Female Physicians Responsible for Shortage of Doctors?

A few weeks ago I read an interesting article on the topic of the shortage of physicians in the United States. Apparently, the increasing population and the baby boomers entering retirement is going to put a huge strain on this country. In terms of Social Security and Medicare, it already is. There is no doubt that the climate of decreasing reimbursements is due to the government’s inability to pay for the healthcare of so many aging people.

Thus, the shortage of physicians will increase as more doctors are needed to take care of our aging population.

One person’s analysis of some data shows that one key reason compounding this shortage is the changing demographic of the physician workforce. Currently, women make up an increasing part of the medical school populace, with most schools over half women. It is argued that the data show that women physicians:

  • have less longevity than their male counterparts,
  • take more time off for maternity and family matters, and
  • work less hours and take less overnight call.

Now I am not going to argue any of these points because I am not in the business of making enemies. However, I think those general points can be applied to the younger and newer generations of physicians, physicians-in-training, and medical students. Younger doctors are not working as long or hard as older physicians did. This is largely due to lifestyle considerations and well as work-hour restrictions in training.

Time are changing and the next generation of physicians are not going to stay up all night and take call at any hour of the day to maintain the physician-patient relationship.

Do female physicians work less than their male counterparts? Do they take less call? Do they get pregnant and leave the workforce for longer than male doctors? Maybe. Maybe not.

The point is that this is not necessarily a phenomenon of women, but of a new generation of physicians who demand sanity , mental and physical health in their own lives. After all, shouldn’t physicians take care of themselves the way they expect their patients to?

  • Kelly Jad’on

    Dr. Sandeep Jauhar, the author of Intern: A Doctor’s Initiation is a cardiologist and the director of the Heart Failure Program at Long Island Jewish Medical Center. He too has written about the coming doctor shortage in the United States. Read his point of view: A Doctor Shortage in the United States?

    Kelly Jad’on, Director, Basil & Spice: Author & Book Views On a Healthy Life!

  • I am not sure I am convinced that new younger doctors are “working less” than any doctors used to. I have a good friend who has recently finished medical school at Michigan State University, and is now a D.O.. During his internship, he routinely worked 100 hours a week, and did 24 hour days. Now that he is an official doctor, he is still working 60 hours per week, and is on call 24/7 for several days per week. He has a wife and three boys under 5 years of age. His is tired – and he is still young.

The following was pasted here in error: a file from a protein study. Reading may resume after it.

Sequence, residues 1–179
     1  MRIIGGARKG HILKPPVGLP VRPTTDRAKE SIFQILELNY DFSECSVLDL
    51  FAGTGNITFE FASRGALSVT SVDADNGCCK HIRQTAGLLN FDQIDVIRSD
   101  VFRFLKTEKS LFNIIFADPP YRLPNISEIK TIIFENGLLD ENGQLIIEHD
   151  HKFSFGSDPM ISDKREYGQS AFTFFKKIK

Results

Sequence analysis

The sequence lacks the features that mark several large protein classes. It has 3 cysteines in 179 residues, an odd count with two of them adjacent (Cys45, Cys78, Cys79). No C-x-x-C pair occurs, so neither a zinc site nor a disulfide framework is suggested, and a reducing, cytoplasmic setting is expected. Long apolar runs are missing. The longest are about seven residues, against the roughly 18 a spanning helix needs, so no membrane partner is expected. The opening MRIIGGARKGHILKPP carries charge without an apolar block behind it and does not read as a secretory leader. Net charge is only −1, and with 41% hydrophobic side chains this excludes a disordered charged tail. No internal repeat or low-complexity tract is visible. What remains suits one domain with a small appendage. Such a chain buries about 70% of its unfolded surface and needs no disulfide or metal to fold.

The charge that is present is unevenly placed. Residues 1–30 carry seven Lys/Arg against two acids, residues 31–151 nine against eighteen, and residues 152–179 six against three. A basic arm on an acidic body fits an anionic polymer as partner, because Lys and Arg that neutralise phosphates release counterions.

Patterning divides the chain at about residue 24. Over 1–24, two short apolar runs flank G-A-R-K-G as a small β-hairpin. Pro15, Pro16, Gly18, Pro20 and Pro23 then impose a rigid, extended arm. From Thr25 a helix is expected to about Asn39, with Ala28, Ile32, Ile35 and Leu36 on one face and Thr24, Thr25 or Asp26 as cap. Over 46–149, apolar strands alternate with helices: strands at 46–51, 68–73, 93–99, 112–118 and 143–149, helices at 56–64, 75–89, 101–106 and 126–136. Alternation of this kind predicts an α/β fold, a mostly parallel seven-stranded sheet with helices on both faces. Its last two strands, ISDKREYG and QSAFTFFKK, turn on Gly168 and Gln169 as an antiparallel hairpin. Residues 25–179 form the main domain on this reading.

I have been a long time critic of this doctor stress-load. As a Patient, I have witnessed first-hand the results of tired doctors. I for one would much rather have a fresh, happy, smiling doctor, who is well-rested, gets to see his / her family and enjoy a good vacation once in a while. I do not feel comfortable placing my personal care in the hands of someone who may be stressed, tired, overworked, and possibly even resentful ! So, I say – more power to women and younger male doctors who may be taking control of their careers in this direction. I think it will ultimately be better for all of us this way.

    And – perhaps that doctor shortage will start to take care of itself once people realize that doctors no longer have to live in this stressful way.

    I’ll give an example: when my friend was first considering becoming a physician, he spoke about his plans with long-time doctors. What many of them told him: you don’t want to do this – are you crazy? Become a physician’s assistant instead – you make good money and get a 40-hour workweek. You’ll get to take vacations and see your family.

    If this is the kind of advice that is coming straight from the horses’ mouths, then is it really surprising when, combined with other factors, it is leading to a shortage of doctors?

    To sum up – I’m glad younger doctors are starting to work less and place more importance upon the happiness of their own lives. I think this will make for saner, happier doctors, and better patient care.


  • Elixabeth

    I agree! I would much rather go to a less stressed out doctor that has a good quality of life. I was dating a nurse for a bit and it wasn’t really a lot of fun visiting him because he worked all the time. After working 12 hour shifts he just wanted to come home and go to bed, so I spent a lot more time exploring the city alone rather then hanging out with him. If you are dating someone working 8 hrs a day they would be tired, but still able to go out after work. On days he was working he just went directly to bed. I got coffee with him in the morning but that was about it. And you want people with these kinds of stresses working on you if you go to the ICU? No wonder there are so many unnecessary deaths. The medical workers are all exhausted. The shortage of nurses is acute also but as it takes less time to train nurses, they can be replaced more frequently but that’s not good either. It means there are more inexperienced people working at hospitals then there would be otherwise. My ex already shows signs of stress and exhaustian and he’s still in his 20s!! He’s been working there for less then 5 years!